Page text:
Theodore Roosevelt’s ‘forgotten war’ | Inquirer Opinion

Theodore Roosevelt’s ‘forgotten war’

Many of our people have scant knowledge of the war that Filipinos fought against Americans in our struggle for freedom and independence. History books refer to the conflict as the Philippine-American War, the Philippine War or the Philippine Insurrection. While watching a program on YouTube, I came across another characterization of hostilities in the Philippines. It was “Theodore Roosevelt’s forgotten war.”

While William McKinley was president of the United States during the Spanish-American War, it was his assistant secretary of the Navy, Theodore Roosevelt, who carried out initiatives to prepare the US Navy for possible conflict. While his boss, Secretary of the Navy John Davis Long, an elderly gentleman, was on vacation during the long summer months in Washington, Roosevelt was running the show and proceeded to issue orders to upgrade the Navy with new battleships, guns, armament and supplies.

As acting secretary, it was Roosevelt who ordered Commodore George Dewey of the Asiatic Fleet to proceed to Hong Kong and, in the event of war with Spain, to take action against the Spanish Squadron on Manila Bay.

In the beginning, Gen. Emilio Aguinaldo was made to believe that the US Navy was dispatched to help the Filipinos in their fight against Spain, the common enemy.


Aguinaldo recalled Dewey as saying that “the United States would unquestionably recognize the independence of the people of the Philippines … pointing out that America was a rich nation with enough territory and no history of taking colonies.” He was lying, or out of touch with Washington.

Theodore Roosevelt was a strong advocate for keeping the Philippines and making it part of a growing economic empire. In fact, the position of governor general of the Philippines was “the post he desired above all others” (cited in “The Bully Pulpit” by Doris Goodwin). He was persuaded to run for vice president when McKinley ran for reelection in 1900. Their tandem won by a huge margin.

On Feb. 4, 1899, fighting broke out between the US and Philippine forces in the outskirts of Manila. After a while, Filipinos switched from large-scale formations to guerrilla tactics to compensate for their limited firepower, making the struggle uglier and more violent.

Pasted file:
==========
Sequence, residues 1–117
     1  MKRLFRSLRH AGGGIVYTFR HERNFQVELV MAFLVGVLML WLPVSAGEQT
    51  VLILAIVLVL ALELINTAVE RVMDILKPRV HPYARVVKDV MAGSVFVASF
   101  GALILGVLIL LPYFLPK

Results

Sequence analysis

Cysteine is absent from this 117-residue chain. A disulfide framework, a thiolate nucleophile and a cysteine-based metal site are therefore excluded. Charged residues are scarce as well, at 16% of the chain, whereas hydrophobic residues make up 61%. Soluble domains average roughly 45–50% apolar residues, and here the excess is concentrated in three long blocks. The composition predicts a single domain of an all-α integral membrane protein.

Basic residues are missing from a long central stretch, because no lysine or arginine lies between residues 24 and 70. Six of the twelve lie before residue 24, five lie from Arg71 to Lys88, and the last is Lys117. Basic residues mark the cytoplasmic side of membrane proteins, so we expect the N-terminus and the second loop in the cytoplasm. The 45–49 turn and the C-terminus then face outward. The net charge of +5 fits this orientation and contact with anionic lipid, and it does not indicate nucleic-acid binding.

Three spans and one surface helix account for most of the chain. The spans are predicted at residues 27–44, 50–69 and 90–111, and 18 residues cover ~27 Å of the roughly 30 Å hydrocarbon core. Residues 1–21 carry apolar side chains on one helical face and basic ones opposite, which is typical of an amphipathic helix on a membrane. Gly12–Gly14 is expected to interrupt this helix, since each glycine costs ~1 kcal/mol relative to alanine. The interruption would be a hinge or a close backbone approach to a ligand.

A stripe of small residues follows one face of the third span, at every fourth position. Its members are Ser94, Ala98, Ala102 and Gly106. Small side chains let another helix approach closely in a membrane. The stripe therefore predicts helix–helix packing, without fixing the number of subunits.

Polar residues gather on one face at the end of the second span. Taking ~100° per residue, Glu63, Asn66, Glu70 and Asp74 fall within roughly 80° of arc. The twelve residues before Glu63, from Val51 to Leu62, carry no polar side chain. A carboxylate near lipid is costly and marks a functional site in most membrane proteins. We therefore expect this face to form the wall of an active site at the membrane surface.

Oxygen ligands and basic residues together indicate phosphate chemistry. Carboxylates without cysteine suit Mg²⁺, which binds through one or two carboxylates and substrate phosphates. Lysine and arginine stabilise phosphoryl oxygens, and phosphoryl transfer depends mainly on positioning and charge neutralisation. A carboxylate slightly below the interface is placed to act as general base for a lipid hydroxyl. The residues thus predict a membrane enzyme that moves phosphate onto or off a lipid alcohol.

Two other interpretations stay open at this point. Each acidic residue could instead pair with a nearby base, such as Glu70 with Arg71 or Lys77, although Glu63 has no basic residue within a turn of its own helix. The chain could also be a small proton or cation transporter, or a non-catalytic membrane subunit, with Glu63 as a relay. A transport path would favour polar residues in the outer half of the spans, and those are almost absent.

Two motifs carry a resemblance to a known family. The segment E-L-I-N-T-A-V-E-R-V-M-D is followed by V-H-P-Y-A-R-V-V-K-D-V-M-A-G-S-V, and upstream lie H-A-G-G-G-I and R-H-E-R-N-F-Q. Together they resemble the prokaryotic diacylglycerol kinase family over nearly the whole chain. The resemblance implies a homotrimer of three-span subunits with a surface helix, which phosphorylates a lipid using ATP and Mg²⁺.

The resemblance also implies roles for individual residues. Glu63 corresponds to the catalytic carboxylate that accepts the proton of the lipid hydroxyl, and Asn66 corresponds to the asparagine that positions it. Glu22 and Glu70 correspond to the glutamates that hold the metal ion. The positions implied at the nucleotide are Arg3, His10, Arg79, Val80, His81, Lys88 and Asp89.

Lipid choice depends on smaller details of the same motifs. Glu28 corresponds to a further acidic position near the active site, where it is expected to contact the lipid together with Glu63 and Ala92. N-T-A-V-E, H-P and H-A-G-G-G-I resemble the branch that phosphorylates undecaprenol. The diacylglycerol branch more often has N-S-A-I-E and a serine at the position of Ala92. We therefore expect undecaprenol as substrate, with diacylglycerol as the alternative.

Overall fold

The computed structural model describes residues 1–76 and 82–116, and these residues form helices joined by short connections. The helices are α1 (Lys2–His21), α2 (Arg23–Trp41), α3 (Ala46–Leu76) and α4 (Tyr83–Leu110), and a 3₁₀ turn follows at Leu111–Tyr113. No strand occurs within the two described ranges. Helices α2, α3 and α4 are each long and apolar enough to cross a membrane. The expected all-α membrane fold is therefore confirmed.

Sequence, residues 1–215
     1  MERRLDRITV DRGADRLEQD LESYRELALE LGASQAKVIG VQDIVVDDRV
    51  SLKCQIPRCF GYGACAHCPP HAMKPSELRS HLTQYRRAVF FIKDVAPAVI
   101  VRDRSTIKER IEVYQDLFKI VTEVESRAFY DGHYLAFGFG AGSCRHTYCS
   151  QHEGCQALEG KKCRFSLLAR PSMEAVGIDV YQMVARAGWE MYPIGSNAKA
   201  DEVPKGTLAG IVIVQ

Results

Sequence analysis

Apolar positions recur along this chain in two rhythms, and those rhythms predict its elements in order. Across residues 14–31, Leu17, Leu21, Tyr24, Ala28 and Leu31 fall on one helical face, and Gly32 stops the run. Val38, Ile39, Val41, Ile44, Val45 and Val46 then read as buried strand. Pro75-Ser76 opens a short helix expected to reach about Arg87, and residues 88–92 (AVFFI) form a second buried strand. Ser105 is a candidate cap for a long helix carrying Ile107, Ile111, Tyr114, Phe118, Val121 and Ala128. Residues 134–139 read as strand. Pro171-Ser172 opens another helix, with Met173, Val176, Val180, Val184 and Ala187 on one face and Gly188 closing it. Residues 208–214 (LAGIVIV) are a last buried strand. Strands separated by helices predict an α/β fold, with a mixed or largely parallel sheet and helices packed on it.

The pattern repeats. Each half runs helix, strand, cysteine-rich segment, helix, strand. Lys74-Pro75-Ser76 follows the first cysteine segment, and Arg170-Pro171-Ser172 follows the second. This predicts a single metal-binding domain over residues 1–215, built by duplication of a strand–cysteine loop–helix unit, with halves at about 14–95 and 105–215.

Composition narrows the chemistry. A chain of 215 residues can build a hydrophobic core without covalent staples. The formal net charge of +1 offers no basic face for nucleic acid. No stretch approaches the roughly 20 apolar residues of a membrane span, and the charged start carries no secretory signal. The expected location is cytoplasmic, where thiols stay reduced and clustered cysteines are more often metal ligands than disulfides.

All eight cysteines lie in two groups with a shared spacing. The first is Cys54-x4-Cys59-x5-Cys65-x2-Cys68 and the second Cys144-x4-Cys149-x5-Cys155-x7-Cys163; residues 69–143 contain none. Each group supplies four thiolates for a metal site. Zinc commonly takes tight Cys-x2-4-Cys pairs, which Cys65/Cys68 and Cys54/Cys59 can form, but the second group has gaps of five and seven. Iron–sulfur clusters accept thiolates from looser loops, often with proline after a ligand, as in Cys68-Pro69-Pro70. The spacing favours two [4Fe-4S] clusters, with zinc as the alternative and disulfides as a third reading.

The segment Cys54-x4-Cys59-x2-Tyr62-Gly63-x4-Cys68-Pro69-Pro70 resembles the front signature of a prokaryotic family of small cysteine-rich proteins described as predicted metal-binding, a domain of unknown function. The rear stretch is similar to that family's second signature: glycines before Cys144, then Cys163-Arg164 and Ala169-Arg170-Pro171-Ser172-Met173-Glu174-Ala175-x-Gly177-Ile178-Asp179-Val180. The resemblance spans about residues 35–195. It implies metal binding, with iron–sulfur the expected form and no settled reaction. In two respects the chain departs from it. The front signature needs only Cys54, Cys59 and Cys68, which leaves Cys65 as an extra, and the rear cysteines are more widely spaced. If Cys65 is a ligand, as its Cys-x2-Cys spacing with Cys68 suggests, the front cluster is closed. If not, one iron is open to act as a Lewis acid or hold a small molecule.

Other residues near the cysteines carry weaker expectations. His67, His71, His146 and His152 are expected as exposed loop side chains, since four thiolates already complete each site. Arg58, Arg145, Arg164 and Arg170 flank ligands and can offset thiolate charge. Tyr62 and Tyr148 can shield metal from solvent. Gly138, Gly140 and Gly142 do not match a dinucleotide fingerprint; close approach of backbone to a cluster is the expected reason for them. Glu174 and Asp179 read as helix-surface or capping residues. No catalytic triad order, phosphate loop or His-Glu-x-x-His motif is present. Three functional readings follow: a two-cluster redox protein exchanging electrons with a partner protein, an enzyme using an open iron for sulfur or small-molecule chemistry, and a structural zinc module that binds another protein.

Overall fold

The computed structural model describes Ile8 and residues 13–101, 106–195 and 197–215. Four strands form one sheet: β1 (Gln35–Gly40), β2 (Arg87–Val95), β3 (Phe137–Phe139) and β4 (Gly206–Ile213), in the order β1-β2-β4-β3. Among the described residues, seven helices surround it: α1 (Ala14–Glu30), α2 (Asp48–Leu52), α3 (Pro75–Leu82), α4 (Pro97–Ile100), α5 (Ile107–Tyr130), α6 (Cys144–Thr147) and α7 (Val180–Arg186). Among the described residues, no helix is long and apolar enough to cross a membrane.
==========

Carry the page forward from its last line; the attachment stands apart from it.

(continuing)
In recent years, the term “waterboarding” has been mentioned as one of the interrogation practices used by the US Central Intelligence Agency to secure information from captured enemy operatives. It was in the Philippine-American War that the practice was first used by American soldiers on captured Filipinos. “Waterboarding” was then known as the “water cure.” Lt. Grover Flint, who served in the Philippines, told a Senate panel that “this was routine torture of Filipino combatants and civilians—30 here, 40 there.”


Stanley Karnow’s “In Our Image” devotes a few paragraphs to the pacification campaign in Batangas. A war correspondent reported that US soldiers “killed men, women, children, prisoners, active insurgents and suspected people from lads 10 and above. They rounded up the natives, stood them on a bridge and shot them one by one, to drop into the water below and float down as an example to others.”

On Sept. 6, 1901, President William McKinley was assassinated and Theodore Roosevelt, “that damned cowboy,” became the youngest president of the United States. A few weeks later, Filipino freedom fighters caught a US garrison in Balangiga, Samar, napping on a lazy Sunday morning. It was the one encounter during the war that led to so many casualties on the US side. Of the 74 members of the unit, only 20 escaped with their lives.


The Samar battle made headlines in the United States. “Disastrous fight,” reported the New York Tribune. It was the “first severe reverse” in many months and led to Gen. Jacob Smith’s infamous order to kill and burn. American public opinion was getting tired of all the atrocities being reported by newspapers, and the disaster at Balangiga brought even more pressure on President Roosevelt to end the conflict.

In his book “The Imperial Cruise,” author James Bradley writes: “On July 4, 1902, Roosevelt tried to make the Philippine conflict disappear into history with a wave of his hand, declaring that ‘the insurrection against the authority and sovereignty of the United States is now at an end.’”

The Filipinos were not impressed. Fighters led by Katipuneros continued to battle US forces for several more years. About 1,000 guerrillas under Simeon Ola were not defeated until 1903, and in Batangas, troops commanded by Macario Sakay resisted until as late as 1906. In Samar, fighting continued from 1904 to 1906.

In a moment of contemplation after the start of the Philippine-American War, President William McKinley noted: “If old Dewey had just sailed away when he smashed the Spanish fleet, what a lot of trouble he would have saved us.”

What a blessing it would have been for us.

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TAGS: George Dewey, Philippine-american war, Ramon Farolan, Reveille, Theodore Roosevelt, William McKinley

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